In a show of chizuk, 24 American shul communities are pairing with individual Israeli citizens, families and communities directly impacted by the horrific events of October 7, thanks to an initiative spearheaded by the Orthodox Union’s Department of Community Engagement.
The project began with a recent Israel mission organized by the department and OU Israel for 42 pulpit rabbis and lay leaders representing a broad spectrum of Orthodox communities in Florida, Washington, Ohio, Pennsylvania, New York, New Jersey and Maryland. Over three jam-packed days, participants visited bereaved, wounded and displaced citizens and chayalim in hospitals, at their homes and on the frontlines in Sderot, Shlomit, Ashkelon, Kiryat Arba, Tel Aviv, Jerusalem, Alon Shvut and Chevron.
The trip included stops at Sdreot’s now-destroyed police station; Sheba-Tel Hashomer and Hadassah-Ein Kerem hospitals; and the northern Tziporit military base, where the group heard from Rabbi Binyamin Machluf, who commands its Rabbinic unit that identifies victims and attends to kavod hamet. Other impactful speakers during the mission included Israel’s Ambassador to the Republics of Armenia and Moldova Joel Lion, Sderot Mayor Alon Davidi, and Executive Chairman of the Mizrachi World Movement Rabbi Doron Perez whose son is missing and whose other son was injured in battle.
“In the aftermath of October 7, the OU is actively working on initiatives to meaningfully support our sisters and brothers in Israel,” says OU Department of Synagogue Initiatives Director Rabbi Adir Posy. “One of those is to bolster communities distinctly affected by the horrors of Simchas Torah. As a shul- and community-based organization with a network throughout North America, the OU felt that a mission would be a wonderful first step in personally conveying our messages of chizuk on behalf of kehillot in Chutz La’Aretz. We want them to know that they are not alone. They are in our hearts, tefillot and minds.”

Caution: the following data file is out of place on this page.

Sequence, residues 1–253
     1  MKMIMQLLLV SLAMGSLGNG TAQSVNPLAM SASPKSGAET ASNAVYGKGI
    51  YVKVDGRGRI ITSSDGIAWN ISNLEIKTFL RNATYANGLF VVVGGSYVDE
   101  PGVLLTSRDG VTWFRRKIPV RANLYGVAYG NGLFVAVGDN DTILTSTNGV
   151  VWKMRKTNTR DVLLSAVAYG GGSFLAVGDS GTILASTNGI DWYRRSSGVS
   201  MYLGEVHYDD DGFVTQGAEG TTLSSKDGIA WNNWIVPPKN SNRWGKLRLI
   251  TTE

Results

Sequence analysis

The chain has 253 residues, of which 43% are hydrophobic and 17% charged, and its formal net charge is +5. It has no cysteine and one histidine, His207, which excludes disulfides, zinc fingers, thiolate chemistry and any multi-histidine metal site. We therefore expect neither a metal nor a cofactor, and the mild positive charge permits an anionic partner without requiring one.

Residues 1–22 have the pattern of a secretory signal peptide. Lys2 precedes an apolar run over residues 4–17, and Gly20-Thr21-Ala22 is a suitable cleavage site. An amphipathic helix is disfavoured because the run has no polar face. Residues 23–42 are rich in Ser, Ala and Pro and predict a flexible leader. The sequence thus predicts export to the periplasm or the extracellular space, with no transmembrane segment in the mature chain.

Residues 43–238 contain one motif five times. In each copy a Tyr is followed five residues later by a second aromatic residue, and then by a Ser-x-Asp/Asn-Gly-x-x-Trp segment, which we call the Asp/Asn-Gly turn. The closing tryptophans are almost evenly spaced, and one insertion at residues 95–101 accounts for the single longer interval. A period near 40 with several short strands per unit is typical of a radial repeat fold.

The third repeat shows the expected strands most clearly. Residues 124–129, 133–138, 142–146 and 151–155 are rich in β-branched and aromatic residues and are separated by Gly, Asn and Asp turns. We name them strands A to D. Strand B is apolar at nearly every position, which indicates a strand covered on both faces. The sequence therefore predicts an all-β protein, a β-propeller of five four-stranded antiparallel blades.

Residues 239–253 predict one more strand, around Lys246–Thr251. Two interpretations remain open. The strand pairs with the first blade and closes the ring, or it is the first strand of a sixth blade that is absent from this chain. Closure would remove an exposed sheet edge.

Remarkably, many of the mission participants reflected that the very people and communities they had come to support actually gave them chizuk instead.
Jonathan Savage of Beth Jacob Congregation in Columbus, Ohio, was moved by the gevura of the Steinberg family of Shomria, who lost their son, husband and father Colonel Yonatan Steinberg on October 7.
“To see their strength and courage after going through their loss really brings home what the people in Israel are all about,” he says. “To see what they’re able to do, to take tragedy and turn it into strength and courage for our people is beyond heroic. It brings home an incredible message. We came to give them strength, and we left with a lot more strength that they have given us.”
Meeting with citizens and chayalim personally enabled participants to forge meaningful relationships with them and to learn about their unique needs. Each shul community has “adopted” individuals, families or communities whom they will support both immediately and long term. For many, that support will come in the form of keeping loved ones’ memories alive through shul learning programs, or translating and publishing victims’ divrei Torah, for example. Other chizuk may be offered via calls to individuals and families before Shabbatot and yamim tovim, gifts for their children, or fundraising, as their needs change over time.
OU Special Assistant to the Executive Vice Presidents Rabbi Yisroel Motzen notes that the pairing initiative is in addition to shul communities’ ongoing efforts which began immediately after the war started.
“The shuls that went on the mission are only doubling their existing efforts now that they’ve met with those personally affected,” he says. “The trip only energized participants to do more and have an even greater connection to Israel.”
Congregation Rinat Yisrael’s Rabbi Chaim Strauchler and Vice President Michael Richmond joined the mission on behalf of their kehilla in Teaneck, New Jersey. Rabbi Strauchler says that beyond representing his shul, he went to represent American Jewry.
“We did not so much show our support as much as communicate our very identity,” he says. “We are one klal. We are one people. When one part of a body experiences suffering, pain or stress, the entire body is affected. We must be there for one another b’eit tzara.”
For Rabbi Strauchler, the most meaningful part of the trip was witnessing the strength of the Israeli people and the families in particular who have lost loved ones.
“They displayed a super-human emuna, at an Avraham Avinu level, kavayachol. They saw themselves as part of a tzibur in which their loss was Am Yisrael’s loss, their story Am Yisrael’s story, and therefore Am Yisrael’s ultimate victory will be their personal salvation. They are not alone in their suffering. There is so much that our communities can learn from their example; about living life as part of a nation and part of that nation’s story.”